Former Afghan Soldier Gets New Hands After Rare Transplant

PHOTO: Amrita Institute of Medical Sciences & Research Center posted this photo to Facebook showing Abdul Rahim, the recipient of a hand transplant. PlayAmrita Institute of Medical Sciences & Research Center
WATCH Former Afghan Soldier Gets New Hands After Rare Transplant

A former Afghan soldier who lost his hands while diffusing a bomb now has two new hands after a rarely performed transplant was carried out at a hospital in India's southwestern town of Kochi last month.

"It was a real team effort," Subramania Iyer, head of the plastic surgery department at Amrita Institute of Medical Sciences, told ABC News. "The procedure took about 15 hours and nearly 20 doctors and assistants were involved."

The patient, Abdul Rahim, 30, approached Iyer and his team nearly six months ago after scouting for hand transplants in several countries, including Iran, Iyer said.

After months of counselling, the operation was conducted on April 10 and Rahim is now recuperating. He is already using his new hands for day-to-day activities, hospital officials say.

The donor was a 54-year-old man who lost his life in a traffic accident.

"We will need to monitor Rahim for several months," Iyer said, noting that there was always a risk of rejection.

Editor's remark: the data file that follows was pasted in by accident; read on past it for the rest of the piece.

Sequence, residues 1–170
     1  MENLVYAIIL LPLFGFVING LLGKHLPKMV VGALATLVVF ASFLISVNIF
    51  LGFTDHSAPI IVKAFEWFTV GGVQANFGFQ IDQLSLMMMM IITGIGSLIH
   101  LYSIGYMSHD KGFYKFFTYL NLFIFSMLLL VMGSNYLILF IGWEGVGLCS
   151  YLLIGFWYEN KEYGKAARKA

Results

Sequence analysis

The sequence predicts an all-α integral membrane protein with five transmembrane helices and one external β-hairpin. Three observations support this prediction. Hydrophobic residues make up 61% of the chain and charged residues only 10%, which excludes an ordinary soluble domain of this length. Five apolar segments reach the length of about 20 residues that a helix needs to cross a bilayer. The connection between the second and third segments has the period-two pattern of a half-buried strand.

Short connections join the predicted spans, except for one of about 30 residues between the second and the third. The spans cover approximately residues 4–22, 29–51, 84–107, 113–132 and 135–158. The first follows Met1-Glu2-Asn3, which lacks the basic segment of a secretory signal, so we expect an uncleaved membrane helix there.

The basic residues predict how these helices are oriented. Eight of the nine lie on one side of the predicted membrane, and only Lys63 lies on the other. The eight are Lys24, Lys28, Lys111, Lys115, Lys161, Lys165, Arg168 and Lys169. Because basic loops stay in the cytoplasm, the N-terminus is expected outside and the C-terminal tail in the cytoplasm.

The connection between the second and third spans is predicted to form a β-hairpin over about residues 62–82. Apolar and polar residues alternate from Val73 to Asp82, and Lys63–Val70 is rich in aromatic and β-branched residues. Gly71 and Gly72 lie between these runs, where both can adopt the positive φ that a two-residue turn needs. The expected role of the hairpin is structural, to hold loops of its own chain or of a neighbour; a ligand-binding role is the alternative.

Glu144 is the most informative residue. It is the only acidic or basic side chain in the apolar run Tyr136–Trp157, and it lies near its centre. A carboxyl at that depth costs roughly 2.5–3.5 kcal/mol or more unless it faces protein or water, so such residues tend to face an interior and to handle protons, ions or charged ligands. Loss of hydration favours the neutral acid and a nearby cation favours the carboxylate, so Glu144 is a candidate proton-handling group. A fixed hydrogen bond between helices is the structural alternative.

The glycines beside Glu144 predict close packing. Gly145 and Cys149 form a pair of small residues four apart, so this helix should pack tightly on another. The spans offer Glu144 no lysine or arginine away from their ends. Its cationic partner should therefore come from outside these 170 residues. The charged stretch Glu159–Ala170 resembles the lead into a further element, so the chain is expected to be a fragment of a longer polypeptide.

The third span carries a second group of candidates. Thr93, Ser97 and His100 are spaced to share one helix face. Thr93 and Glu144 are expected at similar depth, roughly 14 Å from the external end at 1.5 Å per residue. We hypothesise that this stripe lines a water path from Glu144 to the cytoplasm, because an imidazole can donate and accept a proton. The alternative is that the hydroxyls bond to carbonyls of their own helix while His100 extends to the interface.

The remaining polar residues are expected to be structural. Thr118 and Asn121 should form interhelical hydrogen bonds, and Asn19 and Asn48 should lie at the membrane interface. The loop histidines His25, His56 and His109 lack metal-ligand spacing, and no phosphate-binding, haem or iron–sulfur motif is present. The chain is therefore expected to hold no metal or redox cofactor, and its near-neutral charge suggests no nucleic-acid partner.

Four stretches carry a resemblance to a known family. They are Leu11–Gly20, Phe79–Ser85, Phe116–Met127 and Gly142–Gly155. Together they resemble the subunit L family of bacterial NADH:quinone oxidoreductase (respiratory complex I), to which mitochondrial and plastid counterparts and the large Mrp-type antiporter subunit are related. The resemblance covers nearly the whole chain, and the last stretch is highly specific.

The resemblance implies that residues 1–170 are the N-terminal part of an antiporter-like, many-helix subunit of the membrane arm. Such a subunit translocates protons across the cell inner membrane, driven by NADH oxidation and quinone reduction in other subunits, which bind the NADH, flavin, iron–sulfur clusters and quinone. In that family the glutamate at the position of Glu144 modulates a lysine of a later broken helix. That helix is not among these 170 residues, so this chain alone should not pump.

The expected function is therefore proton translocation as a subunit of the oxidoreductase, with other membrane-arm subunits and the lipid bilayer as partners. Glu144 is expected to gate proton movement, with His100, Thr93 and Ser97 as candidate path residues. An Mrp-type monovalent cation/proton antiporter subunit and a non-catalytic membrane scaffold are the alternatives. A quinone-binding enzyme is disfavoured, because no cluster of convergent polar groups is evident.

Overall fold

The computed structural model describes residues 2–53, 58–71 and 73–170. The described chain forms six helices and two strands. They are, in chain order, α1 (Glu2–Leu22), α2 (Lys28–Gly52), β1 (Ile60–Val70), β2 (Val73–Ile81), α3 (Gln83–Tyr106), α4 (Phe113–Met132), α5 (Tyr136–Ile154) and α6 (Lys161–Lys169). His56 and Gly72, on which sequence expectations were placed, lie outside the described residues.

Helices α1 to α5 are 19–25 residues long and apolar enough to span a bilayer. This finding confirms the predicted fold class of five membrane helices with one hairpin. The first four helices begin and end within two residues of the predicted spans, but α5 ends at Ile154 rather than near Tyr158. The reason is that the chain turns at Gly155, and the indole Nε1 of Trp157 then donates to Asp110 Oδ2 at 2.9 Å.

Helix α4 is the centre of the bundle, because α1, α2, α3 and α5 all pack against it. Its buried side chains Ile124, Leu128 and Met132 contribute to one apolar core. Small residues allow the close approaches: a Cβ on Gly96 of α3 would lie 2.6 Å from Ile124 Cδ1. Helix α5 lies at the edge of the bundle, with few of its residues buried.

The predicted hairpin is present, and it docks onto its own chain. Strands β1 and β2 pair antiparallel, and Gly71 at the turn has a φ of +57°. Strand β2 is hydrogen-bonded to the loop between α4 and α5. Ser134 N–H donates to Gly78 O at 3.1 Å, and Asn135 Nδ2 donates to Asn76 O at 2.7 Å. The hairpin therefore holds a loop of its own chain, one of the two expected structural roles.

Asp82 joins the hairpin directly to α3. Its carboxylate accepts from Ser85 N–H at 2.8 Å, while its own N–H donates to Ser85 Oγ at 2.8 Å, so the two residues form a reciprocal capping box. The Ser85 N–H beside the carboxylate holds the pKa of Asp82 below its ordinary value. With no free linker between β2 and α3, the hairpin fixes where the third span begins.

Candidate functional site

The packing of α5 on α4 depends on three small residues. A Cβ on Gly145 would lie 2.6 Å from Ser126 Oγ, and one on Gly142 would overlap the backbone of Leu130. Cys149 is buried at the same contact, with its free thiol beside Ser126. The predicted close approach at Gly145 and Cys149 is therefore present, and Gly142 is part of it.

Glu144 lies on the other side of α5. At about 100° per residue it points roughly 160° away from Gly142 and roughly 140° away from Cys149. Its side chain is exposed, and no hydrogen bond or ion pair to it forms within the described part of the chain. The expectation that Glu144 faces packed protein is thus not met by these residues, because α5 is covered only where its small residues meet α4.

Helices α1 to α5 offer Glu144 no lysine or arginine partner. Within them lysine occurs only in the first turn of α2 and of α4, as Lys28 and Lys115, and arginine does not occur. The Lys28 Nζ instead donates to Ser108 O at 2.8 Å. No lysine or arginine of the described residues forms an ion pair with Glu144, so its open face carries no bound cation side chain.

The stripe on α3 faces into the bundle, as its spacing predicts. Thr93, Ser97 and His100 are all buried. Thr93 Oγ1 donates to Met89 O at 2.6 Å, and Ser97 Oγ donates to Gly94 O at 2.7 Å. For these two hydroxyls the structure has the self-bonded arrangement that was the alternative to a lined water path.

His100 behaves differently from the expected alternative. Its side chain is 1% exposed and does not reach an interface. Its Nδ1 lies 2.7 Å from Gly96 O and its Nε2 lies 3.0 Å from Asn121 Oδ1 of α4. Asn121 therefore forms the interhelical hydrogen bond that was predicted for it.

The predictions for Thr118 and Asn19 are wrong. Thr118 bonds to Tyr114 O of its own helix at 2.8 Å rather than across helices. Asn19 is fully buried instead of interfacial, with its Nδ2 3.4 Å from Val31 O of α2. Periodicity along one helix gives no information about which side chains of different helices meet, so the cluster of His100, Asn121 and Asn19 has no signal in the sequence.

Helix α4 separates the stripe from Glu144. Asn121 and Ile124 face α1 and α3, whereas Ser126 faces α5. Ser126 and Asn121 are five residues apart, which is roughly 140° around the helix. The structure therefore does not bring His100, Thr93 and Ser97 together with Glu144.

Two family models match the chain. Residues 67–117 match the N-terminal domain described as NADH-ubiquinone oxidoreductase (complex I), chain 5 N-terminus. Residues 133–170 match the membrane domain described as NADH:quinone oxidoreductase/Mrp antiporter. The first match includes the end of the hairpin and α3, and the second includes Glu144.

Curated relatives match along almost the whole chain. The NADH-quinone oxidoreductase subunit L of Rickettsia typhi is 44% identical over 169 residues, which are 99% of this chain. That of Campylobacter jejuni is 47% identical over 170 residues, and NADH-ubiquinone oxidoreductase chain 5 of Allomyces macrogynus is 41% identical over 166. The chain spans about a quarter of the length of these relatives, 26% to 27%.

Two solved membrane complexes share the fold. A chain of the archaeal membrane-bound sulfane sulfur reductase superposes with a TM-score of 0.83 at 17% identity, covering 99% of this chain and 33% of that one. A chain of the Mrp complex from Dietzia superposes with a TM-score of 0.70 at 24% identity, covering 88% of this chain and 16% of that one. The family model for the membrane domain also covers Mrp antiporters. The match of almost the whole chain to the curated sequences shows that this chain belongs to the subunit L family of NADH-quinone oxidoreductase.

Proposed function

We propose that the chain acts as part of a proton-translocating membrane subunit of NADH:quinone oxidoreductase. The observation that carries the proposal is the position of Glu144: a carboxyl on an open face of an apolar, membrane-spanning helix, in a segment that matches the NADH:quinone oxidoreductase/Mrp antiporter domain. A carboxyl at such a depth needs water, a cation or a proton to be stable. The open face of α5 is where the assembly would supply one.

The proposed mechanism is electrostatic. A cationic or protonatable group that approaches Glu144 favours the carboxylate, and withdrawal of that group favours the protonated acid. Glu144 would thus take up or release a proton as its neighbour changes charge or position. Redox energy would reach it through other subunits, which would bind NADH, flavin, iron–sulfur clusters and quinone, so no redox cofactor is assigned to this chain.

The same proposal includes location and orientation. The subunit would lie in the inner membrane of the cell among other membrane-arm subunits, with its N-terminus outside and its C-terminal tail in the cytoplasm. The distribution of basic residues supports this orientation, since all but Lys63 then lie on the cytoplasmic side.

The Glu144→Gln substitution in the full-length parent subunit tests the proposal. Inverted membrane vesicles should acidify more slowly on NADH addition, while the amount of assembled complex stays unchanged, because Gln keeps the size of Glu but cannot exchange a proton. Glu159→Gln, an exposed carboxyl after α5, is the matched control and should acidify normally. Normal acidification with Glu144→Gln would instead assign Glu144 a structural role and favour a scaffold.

The most challenging part of the operation, Iyer added, was the logistics.

"The donor's hands was in another department so we had to transport them, all the while preparing Rahim for surgery," Iyer said.

It's not the first hand transplant performed at Amrita Institute. The first was done in January, and the recipient is progressing extremely well, doing all routine activities, according to a written statement from the hospital.

“Since difficulty was anticipated in getting hands to be donated, an awareness campaign was initiated through public meetings, newspaper articles and TV talks,” the statement continued.

The price for Rahim's operation was set at $23,500 (1.5 million Indian rupees).

While Iyer said his team improved between the first and the second transplants, he added that this kind of operation is not suddenly going to become popular.

“We need to be very cautious with these types of transplants," he said, "as they require a lot of physical therapy and medication.”